Jenny: Can you tell me about a story idea or manuscript that never took off for one reason or another? A big one that got away?
Chris: I could tell you about lots (and lots, and lots) that have gotten away, both fiction and nonfiction. But most of them are still in the process of getting away, which means there’s still the possibility that I’ll be able to get some of them back through some combination of fresh perspective (from a new editor, perhaps, or from my own older-and-wiser self) and effort (all mine, I’m afraid).
There’s one, though, for which I believe the opportunity has passed. This November is the 50th anniversary of the assassination of President Kennedy, an event that fascinated me as a boy. Predictably, the anniversary will be getting lots of attention, and I wanted to make my own contribution with a book for young readers called The Week the World Changed.
It was going to be an oral history of recollections from prominent Americans who were between 8 and 13 years old at the time of the assassination. I had a long list of people I wanted to interview, and I actually did get interviews with TV personality Al Roker, singer Rosanne Cash, and physicist Frank Wilczek, along with my children’s book pals Kathi Appelt and Tom Lichtenheld.
Editors were pretty consistent in viewing such a project as an exercise in nostalgia that wouldn’t have resonated with today’s young readers. I disagree, of course. There was much more to the project than that, a much bigger picture I wanted to show, and I’m still disappointed that this book never came about. It’s the kind of book I would have loved reading as a kid and still love reading as an adult — to say nothing of the amount of fun I would have had interviewing all those folks and weaving their stories together.
Would you like to read the introduction I’d written for the proposal?
Jenny: Why, yes.
Chris: OK, then. Here goes:
“I was in school when I heard JFK had been shot, at my piano lesson. I was in third grade. I was sitting on the piano bench and my piano teacher, a nun, was sitting next to me in a chair. An older girl came in to the room, and said to the nun that the President had been shot, and she burst into tears.”
â€“ Rosanne Cash
When something big â€“ something huge and tragic â€“ happened in the middle of an ordinary Friday in November 1963, there was no tweeting or messaging or posting or texting the news. It was the assassination of President John F. Kennedy, and for tens of millions of Americans your age, word most likely came in a shocked, tearful rush from someone at their school who had just heard it on the radio.
It was the beginning of a bewildering several days. The nation got a new president. The suspected assassin was captured. The accused shooter himself was shot and killed. And finally, Kennedy was buried, with his own young children â€“ and the rest of the nation â€“ looking on.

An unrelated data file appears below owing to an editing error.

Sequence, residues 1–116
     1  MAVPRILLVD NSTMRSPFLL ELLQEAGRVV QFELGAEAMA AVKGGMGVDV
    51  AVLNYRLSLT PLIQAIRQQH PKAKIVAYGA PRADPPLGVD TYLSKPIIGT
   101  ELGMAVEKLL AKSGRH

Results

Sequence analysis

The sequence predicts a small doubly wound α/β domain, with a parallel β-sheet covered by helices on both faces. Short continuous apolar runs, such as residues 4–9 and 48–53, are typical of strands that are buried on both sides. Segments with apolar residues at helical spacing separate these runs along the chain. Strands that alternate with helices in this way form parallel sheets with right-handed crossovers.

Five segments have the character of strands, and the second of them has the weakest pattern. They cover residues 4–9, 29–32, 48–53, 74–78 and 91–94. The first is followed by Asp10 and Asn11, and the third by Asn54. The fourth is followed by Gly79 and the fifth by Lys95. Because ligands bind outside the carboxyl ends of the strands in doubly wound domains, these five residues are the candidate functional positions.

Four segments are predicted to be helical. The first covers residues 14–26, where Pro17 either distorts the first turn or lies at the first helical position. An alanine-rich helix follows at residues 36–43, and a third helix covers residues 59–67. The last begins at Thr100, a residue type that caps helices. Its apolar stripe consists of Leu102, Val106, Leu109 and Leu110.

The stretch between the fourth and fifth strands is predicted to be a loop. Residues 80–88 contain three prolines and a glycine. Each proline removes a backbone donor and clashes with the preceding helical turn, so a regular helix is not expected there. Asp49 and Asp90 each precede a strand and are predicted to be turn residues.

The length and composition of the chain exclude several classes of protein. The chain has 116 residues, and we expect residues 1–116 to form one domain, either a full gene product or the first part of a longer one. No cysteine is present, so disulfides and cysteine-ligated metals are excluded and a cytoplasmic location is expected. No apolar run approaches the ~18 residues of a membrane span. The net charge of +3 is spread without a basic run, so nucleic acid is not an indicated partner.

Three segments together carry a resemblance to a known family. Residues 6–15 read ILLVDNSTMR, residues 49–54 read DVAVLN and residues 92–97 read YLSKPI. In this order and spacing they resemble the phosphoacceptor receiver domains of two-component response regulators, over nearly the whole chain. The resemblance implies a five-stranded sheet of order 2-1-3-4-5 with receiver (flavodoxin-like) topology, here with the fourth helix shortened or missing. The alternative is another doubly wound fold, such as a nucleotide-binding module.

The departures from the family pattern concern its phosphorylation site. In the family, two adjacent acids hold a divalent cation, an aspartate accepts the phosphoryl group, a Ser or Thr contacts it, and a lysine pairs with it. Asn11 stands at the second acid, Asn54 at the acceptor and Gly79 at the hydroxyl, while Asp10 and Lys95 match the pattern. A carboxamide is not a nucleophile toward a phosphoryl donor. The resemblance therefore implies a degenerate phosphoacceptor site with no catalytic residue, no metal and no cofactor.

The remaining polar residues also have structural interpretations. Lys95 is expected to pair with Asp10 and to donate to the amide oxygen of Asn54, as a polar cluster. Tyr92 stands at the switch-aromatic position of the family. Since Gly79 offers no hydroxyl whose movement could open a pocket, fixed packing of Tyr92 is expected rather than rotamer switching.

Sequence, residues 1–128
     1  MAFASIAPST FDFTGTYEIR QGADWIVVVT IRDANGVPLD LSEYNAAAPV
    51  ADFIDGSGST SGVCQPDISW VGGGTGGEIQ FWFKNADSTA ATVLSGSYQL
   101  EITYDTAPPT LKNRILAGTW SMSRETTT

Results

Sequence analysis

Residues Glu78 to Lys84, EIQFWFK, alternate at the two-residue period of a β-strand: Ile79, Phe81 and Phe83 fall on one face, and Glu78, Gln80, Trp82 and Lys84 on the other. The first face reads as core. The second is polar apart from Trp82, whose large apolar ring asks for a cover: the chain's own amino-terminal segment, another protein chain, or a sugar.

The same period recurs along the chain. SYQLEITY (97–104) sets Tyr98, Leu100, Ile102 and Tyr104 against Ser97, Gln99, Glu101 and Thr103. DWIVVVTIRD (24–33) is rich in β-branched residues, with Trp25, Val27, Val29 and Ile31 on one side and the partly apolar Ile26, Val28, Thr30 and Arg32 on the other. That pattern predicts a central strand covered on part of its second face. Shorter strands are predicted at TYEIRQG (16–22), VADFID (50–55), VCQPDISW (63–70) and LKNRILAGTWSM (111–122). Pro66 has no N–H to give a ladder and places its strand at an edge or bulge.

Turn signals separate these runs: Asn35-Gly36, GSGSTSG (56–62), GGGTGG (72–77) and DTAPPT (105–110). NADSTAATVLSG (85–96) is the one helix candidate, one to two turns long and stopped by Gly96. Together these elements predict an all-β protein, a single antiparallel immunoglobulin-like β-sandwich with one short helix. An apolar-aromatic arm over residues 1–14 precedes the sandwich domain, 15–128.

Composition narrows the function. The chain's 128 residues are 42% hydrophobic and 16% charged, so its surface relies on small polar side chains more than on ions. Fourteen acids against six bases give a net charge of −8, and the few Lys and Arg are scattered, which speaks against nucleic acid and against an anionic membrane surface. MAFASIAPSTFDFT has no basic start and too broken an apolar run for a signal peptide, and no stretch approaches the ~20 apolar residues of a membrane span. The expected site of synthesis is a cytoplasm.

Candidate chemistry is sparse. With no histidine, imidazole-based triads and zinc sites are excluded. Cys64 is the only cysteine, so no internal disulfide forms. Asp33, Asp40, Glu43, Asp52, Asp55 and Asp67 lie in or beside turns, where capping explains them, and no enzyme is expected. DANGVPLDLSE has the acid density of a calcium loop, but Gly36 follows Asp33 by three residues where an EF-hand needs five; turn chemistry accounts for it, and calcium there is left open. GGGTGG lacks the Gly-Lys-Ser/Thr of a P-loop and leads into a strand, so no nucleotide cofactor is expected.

Back then, people got their news from AM radio stations, the three TV networks, a local newspaper or two â€“ many cities had one in the morning and one in the afternoon â€“ and weekly magazines. If they learned anything on their phones, it was because someone called to say, “Did you hear…?”
That weekend in 1963, the news came closer to being delivered round-the-clock and in real time than it ever had before. But most of the information that spread was delivered by adults and intended for other adults. It focused on grownups’ views of what had happened and questions about what it meant to them.
Young Americans were not experiencing and dealing with that tragedy the same way older people were. From the moment that kids first heard what had happened â€“ not at the office or at home or in their cars, but in their classrooms â€“ it all looked and sounded and felt different to them. What upset and scared them â€“ or didn’t â€“ wasn’t the same as what upset and scared Mom and Dad.
And after the assassination, when life returned to normal, even this wasn’t the same for young people. Maybe it happened faster. Maybe it happened more slowly. However it happened, there’s no reason to think that things would go for a 12-year-old just as they did for someone who was 32, or 42, or 52. Yet the memories of those days and weeks and months, passed back and forth and shared ever since in books and on TV, have tended to be those of people who were already grown.
But what about those 40 million Americans who were around your age? For that matter, what about those who were kids on 9/11, or when the Space Shuttle disasters occurred, or back when Pearl Harbor was attacked? And what about those who will be in a classroom when they first learn of some future national tragedy?
Young people’s stories about these sorts of events â€“ no matter how quickly they are shared, whether it’s the next instant or five decades later â€“ are simply different. This book is about finally listening to those stories from Americans who were your age when President Kennedy was killed.
I had also prepared excerpts from several chapters in The Week the World Changed, based on those five interviews I did.
Jenny: Please share!